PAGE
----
Health & Wellness
- Elevated temperature--100° or greater
- Acute cold, sore throat, or persistent cough
- Vomiting, nausea, or severe abdominal pain
- Repeated diarrhea
- Anything other than clear discharge from the nose or eyes resulting from contagious condition
- Red, inflamed or discharging eyes (conjunctivitis)
- Suspected scabies, impetigo, acute skin rashes, eruptions, any skin lesion in the weeping stage
- Head lice
- Lethargic behavior
There will be times when it is difficult to tell when your child is too ill to go to school. Sometimes there is the worry that he/she will miss important school work. Like adults, children have different tolerances for discomfort and illness. Even with a common cold, some are able to function fine while others are miserable. If your child is coughing continuously, he or she won’t be able to concentrate, and will disrupt others in the class.
A day of rest at home combined with lots of fluids speeds recovery. If you decide to send your child to school when he or she is on the “borderline” of being ill, it is a good idea to call the school clinic or send a note to the teacher. Be sure to let the school know where you can be contacted in case your child’s condition worsens. If your child complains of headaches, stomachaches or frequently does not feel well, it is wise to mention it to your doctor. Also, it is common for children to have physical complaints when they are anxious about a test or an event—or even when they have realized that staying at home brings a little extra attention.
When Can My Child Return to School Regarding COVID-19?
- At least 24 hours fever FREE
- The individual has improvement in symptoms (e.g. cough, shortness of breath, etc.)
- At least five days have passed since the symptoms have first appeared.
The following policies have been adopted to ensure that elementary school, middle school, and junior high school students engage in at least 30 minutes per day or 135 minutes per school week of physical activity:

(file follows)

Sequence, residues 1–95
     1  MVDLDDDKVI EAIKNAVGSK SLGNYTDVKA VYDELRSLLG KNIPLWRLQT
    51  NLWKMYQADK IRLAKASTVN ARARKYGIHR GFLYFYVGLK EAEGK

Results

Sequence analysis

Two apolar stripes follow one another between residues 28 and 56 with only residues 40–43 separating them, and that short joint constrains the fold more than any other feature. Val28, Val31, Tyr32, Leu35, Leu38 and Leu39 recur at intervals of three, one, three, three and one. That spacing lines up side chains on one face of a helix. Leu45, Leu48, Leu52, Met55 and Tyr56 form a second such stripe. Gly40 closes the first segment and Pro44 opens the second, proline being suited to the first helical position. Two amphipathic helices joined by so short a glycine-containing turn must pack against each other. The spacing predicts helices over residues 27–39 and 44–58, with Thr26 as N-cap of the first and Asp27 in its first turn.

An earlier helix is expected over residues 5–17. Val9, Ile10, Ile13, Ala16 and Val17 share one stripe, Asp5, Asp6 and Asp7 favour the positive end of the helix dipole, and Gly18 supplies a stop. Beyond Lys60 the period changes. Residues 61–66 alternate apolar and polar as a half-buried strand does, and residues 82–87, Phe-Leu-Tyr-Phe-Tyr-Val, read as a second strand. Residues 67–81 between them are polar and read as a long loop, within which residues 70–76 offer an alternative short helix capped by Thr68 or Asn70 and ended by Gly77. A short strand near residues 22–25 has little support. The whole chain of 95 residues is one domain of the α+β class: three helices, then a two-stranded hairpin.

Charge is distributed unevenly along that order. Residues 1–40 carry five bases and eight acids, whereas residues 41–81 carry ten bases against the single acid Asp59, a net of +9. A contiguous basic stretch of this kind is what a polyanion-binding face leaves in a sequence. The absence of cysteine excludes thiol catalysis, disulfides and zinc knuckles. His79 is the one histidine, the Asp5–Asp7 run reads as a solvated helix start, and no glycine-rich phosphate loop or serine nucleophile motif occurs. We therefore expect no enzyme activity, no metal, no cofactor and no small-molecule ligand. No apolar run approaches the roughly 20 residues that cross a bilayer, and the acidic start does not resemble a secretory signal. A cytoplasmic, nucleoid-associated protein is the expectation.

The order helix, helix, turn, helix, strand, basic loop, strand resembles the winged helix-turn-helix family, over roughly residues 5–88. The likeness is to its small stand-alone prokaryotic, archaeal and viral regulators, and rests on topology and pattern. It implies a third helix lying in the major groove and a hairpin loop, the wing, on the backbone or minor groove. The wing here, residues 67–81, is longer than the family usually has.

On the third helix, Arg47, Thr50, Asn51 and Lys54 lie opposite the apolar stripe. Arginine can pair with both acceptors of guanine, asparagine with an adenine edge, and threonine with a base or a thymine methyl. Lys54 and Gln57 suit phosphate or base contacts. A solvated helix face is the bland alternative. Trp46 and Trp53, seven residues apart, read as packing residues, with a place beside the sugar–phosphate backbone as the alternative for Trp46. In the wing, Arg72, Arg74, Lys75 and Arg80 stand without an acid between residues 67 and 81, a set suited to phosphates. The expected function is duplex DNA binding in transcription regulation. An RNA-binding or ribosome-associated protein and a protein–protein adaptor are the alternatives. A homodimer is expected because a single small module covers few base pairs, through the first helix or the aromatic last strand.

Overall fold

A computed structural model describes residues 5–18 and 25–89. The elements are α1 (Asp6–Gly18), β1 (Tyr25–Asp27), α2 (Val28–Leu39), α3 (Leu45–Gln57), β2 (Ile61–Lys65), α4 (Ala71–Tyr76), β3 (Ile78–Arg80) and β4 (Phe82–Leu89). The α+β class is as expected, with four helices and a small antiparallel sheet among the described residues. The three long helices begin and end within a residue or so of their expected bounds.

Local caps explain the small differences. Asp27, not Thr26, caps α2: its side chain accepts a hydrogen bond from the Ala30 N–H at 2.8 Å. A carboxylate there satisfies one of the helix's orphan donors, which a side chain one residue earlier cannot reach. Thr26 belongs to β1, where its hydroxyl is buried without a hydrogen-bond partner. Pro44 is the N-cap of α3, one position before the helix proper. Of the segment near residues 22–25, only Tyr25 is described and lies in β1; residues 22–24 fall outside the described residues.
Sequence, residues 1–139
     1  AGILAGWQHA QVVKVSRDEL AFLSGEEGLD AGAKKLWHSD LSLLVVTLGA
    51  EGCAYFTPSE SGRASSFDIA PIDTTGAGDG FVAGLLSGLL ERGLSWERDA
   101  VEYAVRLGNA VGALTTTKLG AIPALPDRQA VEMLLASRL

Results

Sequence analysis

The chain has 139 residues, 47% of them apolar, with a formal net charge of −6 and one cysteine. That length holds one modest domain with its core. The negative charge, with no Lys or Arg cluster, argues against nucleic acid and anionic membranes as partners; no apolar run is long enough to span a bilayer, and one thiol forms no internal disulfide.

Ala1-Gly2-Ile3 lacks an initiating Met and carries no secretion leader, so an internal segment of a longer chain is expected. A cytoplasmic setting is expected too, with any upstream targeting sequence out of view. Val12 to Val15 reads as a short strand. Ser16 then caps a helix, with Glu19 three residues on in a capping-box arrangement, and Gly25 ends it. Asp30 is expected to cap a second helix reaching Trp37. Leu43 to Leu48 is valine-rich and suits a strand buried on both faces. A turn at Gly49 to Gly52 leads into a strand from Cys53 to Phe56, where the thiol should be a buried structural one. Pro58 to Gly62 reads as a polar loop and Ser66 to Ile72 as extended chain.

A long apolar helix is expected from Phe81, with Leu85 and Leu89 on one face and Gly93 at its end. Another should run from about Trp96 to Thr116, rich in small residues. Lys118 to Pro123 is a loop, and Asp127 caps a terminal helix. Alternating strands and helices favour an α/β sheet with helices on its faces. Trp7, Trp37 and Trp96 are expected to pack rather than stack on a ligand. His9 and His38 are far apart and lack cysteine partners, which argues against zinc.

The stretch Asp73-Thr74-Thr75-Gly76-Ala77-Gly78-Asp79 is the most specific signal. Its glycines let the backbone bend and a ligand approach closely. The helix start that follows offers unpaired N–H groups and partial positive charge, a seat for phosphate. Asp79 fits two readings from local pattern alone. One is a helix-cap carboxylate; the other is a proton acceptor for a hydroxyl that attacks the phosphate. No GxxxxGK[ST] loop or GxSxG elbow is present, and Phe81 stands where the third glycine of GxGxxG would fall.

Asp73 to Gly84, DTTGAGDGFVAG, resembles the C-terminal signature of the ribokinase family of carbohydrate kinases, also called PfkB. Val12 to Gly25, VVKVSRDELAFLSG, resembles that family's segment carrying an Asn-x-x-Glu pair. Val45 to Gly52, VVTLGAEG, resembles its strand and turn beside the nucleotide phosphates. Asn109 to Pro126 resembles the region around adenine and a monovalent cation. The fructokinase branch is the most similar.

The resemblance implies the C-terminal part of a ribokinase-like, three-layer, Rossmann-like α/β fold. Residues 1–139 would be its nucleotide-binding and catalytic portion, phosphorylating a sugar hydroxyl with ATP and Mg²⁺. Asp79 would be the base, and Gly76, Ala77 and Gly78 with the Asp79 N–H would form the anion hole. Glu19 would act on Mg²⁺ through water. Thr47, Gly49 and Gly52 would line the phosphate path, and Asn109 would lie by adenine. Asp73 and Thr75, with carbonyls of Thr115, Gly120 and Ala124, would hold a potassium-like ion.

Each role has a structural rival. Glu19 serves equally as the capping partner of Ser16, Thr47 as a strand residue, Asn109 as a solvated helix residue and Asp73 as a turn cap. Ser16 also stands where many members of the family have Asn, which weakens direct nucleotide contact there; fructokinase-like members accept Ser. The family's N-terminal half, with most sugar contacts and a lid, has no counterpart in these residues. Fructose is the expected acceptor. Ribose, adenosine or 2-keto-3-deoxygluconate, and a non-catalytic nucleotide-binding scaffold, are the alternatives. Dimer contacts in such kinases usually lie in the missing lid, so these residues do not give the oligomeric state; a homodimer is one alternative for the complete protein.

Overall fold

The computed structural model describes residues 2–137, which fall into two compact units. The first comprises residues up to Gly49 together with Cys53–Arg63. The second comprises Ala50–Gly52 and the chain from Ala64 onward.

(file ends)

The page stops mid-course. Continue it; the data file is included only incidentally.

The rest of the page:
- Basic Instructional Program Required Instruction
- Basic Instructional Program Required Instruction (All Levels)
FISD has adopted and enforces policies and procedures that prescribe penalties for the use of tobacco products by students and others on school campuses or at school-sponsored or school-related activities.
- Employees Standard of Conduct
- Student Conduct Tobacco Use and Possession
- Community Relations Conduct on School Premises
- Tatum Elementary School, Farmersville Intermediate School, Farmersville Junior High School, and Farmersville High School students will engage in at least the amount and level of physical activity required by Education Code 28.002(I).
- Farmersville ISD does not have vending machines available to students except for the cafeteria which are restricted and comply with TEA and NEA requirements.
- Results of annual Student Fitness Assessments (FitnessGram) are mailed and/or are sent home to parents with the student's final report card for those students required by law to take it. Parents, moreover, can request in writing their child's physical fitness assessment results at the end of the school year.
School Health Advisory Council
What is a School Health Advisory council (SHAC)?
A SHAC is a group of individuals representing segments of the community, appointed by the school district to serve at the district level, to provide advice to the district on coordinated school health programming and its impact on student health and learning. It meets four times a year.
SHAC Contact is Nicole Hicks at 972-782-7251